Mistletoe is one of those plants that we only think about during the holiday season. The tradition is, if caught beneath a bough of mistletoe with another, you are supposed to kiss. After each kiss, a berry is to be plucked off the bough, when no berries remain the kissing ends.
After some exploration around this holiday decoration (and tradition) I discovered a bit about it’s history and it’s very interesting botanical attributes.
|Viscum album (European Mistletoe) up close|
Often confused with holly (the type with red berries and sharply toothed glossy leaves), mistletoe is likewise an evergreen plant, but has white berries and rounded foliage.
From a botanical perspective, mistletoe is interesting in that it never roots in soil, it roots itself into the bark of a tree and gathers water and nutrients from it’s host. The leaves do provide for photosynthesis and growth of the plant, once established, but without it’s host it can not survive. It typically doesn’t kill the host tree but during times of drought, when the partially parasitic mistletoe is drawing water, the host tree can become stressed.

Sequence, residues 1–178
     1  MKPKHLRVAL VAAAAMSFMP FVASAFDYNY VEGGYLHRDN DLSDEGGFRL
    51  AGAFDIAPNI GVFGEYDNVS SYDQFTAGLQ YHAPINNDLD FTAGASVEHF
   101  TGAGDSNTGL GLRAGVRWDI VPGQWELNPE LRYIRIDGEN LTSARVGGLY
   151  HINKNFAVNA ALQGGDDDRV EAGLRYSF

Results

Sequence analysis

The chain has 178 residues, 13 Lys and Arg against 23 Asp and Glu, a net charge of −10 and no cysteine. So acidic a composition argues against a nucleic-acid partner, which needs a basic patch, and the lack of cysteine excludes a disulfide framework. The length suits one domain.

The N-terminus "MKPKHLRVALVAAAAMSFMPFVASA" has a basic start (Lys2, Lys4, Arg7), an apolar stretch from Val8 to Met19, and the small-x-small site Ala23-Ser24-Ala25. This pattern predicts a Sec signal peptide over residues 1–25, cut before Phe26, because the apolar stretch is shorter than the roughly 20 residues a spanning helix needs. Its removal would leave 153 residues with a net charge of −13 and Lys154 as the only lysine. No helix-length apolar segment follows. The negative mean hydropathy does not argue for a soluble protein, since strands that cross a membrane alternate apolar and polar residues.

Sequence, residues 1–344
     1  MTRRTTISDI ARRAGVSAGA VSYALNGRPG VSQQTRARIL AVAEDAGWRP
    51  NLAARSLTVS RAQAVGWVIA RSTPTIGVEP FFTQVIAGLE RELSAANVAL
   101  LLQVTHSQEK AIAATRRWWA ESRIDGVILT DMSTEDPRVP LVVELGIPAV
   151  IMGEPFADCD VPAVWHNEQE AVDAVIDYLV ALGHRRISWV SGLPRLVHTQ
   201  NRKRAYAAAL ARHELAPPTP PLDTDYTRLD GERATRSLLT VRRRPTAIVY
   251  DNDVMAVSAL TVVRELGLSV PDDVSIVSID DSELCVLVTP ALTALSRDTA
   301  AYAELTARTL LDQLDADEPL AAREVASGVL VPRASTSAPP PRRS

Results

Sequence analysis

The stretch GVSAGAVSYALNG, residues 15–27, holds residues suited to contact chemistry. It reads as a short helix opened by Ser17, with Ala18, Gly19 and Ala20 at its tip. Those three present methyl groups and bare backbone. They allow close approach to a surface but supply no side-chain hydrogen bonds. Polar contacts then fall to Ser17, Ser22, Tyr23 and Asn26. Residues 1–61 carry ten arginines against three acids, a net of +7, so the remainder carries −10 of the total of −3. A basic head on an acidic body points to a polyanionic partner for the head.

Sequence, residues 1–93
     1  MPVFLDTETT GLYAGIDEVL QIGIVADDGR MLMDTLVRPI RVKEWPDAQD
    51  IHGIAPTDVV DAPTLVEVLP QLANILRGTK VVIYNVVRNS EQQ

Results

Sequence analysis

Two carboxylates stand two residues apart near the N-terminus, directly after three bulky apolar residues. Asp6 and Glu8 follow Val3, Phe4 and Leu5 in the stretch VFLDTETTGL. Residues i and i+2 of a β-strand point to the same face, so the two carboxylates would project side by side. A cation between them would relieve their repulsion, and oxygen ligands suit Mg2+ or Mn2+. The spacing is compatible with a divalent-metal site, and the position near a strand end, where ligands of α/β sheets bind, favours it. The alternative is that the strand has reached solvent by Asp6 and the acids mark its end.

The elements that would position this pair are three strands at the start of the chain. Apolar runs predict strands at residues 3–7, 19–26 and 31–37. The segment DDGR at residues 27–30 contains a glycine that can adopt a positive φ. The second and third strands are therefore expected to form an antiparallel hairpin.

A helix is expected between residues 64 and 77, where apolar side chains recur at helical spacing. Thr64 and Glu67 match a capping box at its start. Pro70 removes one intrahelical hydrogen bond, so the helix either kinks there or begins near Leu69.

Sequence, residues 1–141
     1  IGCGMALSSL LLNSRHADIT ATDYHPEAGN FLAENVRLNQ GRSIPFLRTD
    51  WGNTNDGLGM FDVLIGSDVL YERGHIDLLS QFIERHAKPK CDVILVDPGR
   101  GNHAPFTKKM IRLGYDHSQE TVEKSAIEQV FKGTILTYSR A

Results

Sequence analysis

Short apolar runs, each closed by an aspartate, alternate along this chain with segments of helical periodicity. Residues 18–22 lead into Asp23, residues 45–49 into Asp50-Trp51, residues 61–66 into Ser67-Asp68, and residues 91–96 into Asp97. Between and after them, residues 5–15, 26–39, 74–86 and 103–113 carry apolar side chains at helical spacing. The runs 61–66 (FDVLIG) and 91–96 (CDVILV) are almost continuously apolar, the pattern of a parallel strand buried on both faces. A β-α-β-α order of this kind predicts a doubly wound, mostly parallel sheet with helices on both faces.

Most often found on deciduous trees, you can see the evergreen mistletoe plant most clearly once the host tree’s leaves have fallen.
|Mistletoe in a host tree|
The kissing ball most resembles the natural shape of mistletoe, and has become another traditional holiday decoration. With a bit more artistic license then the simple bough of evergreens, kissing balls are made of all types of materials and may or may not include mistletoe. Regardless of the material used, you still get to smooch under a kissing ball.
|Holiday Kissing Ball|
The folklore of mistletoe comes from old European mythology. As an evergreen plant, it was associated with life and fertility. It was also thought, by some cultures, to ward off evil spirits. In Scandinavia the plant was associated with peace, and if unfriendly parties met under a bough of mistletoe, they were to lay down their arms. It seems likely that the whole kissing business is rooted in these associations with fertility and peace.
|Beautiful botanical print of Mistletoe Viscum album, by Thome|
So, to add some fun to your holiday decorating program, add some mistletoe (and/or) kissing balls to your home, and know they have a long association with luck, peace, and yes, even romance.